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My spirit longed to enter Into the fields of bloom.

The tempest's wild repining,
Made sorrow in my soul;
I craved the cheerful shining
When heavy clouds unroll.

I saw a gleam on heather,
Stray through a rifted cloud;
The masses swept together,
The winds spoke fierce and loud.
The mist upon the mountain
Dropped down in hopeless rain;
Fell in a bitter fountain
Over the grieving plain.

All The Year Round


NOT only for yourselves, but for the years
Which you, not knowing, bring to me anew,
Are you so dear that I consider you
With this persistency of quiet tears;
For many silent tones are in your speech,
And dead hopes rise and tremble when you

Making me fancy for a little while That hands I cannot clasp are in my reach; And my soul cries, "What can I do or bear" (I that have lost so much and wept so long) "How make myself your servant, to re

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From The Quarterly Review. THE STATE OF ENGLISH PAINTING.*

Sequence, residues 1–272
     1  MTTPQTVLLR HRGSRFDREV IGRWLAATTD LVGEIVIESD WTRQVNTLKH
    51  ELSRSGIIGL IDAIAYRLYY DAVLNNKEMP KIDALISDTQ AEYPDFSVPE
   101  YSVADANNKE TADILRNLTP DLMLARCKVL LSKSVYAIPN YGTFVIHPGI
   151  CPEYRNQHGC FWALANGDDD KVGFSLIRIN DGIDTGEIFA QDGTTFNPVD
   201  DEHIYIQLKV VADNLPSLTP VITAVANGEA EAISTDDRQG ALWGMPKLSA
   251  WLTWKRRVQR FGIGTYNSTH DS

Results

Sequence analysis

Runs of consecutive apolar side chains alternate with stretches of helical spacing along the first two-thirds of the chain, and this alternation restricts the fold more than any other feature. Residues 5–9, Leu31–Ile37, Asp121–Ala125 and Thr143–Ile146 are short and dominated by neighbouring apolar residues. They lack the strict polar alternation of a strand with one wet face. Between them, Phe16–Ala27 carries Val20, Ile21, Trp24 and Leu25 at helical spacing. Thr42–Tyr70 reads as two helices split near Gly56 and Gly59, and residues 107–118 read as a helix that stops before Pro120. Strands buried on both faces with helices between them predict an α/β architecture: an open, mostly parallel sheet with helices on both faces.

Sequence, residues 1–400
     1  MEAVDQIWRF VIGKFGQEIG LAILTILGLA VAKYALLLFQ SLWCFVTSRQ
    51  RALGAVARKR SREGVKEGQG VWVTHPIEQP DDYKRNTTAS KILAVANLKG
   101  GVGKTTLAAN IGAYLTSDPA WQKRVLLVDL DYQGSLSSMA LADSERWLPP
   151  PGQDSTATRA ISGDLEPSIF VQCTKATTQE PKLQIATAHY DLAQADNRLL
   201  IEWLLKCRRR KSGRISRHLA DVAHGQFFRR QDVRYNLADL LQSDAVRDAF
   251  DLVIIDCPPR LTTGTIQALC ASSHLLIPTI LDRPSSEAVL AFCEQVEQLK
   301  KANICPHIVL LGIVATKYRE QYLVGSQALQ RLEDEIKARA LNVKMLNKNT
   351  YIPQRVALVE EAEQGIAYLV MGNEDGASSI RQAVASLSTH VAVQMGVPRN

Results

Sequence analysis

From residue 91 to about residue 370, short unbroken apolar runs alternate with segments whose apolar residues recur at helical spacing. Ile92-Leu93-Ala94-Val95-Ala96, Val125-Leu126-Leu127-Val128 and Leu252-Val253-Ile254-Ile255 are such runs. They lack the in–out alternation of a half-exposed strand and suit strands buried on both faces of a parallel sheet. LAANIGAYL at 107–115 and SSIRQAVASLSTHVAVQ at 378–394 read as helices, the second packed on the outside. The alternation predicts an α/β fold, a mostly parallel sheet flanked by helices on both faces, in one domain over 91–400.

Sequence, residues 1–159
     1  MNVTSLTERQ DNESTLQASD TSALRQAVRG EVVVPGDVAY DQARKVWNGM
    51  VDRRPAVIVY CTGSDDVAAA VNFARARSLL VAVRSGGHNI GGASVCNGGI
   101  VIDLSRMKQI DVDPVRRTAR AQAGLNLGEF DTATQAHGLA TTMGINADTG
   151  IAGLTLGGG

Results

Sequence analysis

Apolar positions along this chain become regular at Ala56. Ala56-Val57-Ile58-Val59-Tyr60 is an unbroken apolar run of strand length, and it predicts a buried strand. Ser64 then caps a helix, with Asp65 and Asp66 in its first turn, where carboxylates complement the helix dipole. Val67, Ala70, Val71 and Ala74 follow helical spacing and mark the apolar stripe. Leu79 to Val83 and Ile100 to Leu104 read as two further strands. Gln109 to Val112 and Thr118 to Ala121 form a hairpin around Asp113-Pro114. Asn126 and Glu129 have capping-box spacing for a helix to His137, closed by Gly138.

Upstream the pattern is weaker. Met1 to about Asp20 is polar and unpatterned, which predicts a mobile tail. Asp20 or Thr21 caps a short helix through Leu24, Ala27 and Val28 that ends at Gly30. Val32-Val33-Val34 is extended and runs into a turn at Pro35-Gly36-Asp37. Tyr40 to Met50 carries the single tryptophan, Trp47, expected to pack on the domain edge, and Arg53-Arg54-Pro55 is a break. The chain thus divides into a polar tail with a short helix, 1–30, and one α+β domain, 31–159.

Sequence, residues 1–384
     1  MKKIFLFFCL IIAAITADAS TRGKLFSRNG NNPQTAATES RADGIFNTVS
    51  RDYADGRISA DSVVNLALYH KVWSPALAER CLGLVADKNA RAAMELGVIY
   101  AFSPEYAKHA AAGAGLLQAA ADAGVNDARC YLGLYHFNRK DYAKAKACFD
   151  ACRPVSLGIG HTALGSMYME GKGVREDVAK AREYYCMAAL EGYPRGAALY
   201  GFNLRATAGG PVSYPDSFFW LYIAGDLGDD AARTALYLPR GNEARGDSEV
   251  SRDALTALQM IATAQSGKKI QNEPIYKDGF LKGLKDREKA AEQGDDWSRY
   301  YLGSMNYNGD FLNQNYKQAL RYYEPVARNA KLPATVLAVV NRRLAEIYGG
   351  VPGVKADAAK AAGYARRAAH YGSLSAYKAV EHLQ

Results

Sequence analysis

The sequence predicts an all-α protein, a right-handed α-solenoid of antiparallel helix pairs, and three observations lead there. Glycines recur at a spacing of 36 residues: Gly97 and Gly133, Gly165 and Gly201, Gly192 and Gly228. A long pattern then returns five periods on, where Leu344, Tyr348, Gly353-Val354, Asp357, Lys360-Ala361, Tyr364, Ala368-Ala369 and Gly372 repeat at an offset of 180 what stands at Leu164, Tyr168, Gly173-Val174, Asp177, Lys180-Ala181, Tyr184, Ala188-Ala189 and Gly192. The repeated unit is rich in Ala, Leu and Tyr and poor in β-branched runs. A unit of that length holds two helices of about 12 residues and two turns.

tained something more and better than that which the pretentious canvases of THE announcement at a Royal Acad- show-painters bring to the walls of those emy dinner that large sums of money are millionaires who invest their superfluous given for pictures is no evidence that Art thousands in them. Perhaps we should is flourishing among us. When one or hardly go beyond the truth in saying that two thousand pounds are paid for a Chel- scarcely one of the ambitious collectors sea vase, we need not assume that similar who crowd their dining-rooms and drawsums given for paintings by popular art- ing rooms with pictures selected from a ists indicate anything more than abun- fashionable and materialistic point of dant wealth and corresponding vanity. view, would be found willing to give five The price set upon a picture by art-trad-pounds for a picture by Titian or Tintoers and in the sale-room, has, in nine 'retto not inscribed with his name or othcases out of ten, nothing whatever to do erwise externally authenticated. It is with the real value of the work. The difficult to make such "patrons" underwhims of individuals, the despotism of stand that the buying of a name is not fashion, the catchword of the frivolous the buying of a picture; and that a genand ignorant, often carry a temporary in- uine work of art has quite another kind fluence with them, before the deliberative of value than that of a Dutch tulip or a judgment of the thoughtful has been able piece of Dresden china. This vulgar and to come to a definite conclusion. But he commercial Mæcenism is the bane of art; who neither bounds his horizon by the it gives fictitious money-value to bad motives of the moment, nor shares the un- work, and by ill-judged expenditure robs reflecting prejudices of his time, will take the true artist of his merited reward. It a broader view. He will be little disposed exorbitantly raises the commercial value to submit to the unquestioning tyranny of the work of fashionable favourites, and of the present, but casting his eye over depresses that of all others, however the whole kingdom of Art he will contrast worthy it may be. Its tendency is to dethe capabilities and powers that it dis- velop shallow sentiment, and by a clever played in the past with the aimless way- meretricious execution a mere facility wardness and trivial self-seeking that char- of representation - to supersede artistic acterize its dissipated efforts now. The as- dignity and genuine seriousness of aim tute and judicious lover of Art for its own and purpose. sake will follow quite another lead than that of an illusory prestige in gratifying his æsthetic tastes. He will look patiently and closely to the genuine qualities of what he selects; choosing that which suits his own temperament and sympathies, without reference to the false touchstone of popularity; and though unknown out of his circle as an art-patron, he may find ultimately that, in surrounding himself with artistic work thus carefully and independently chosen, he will have ob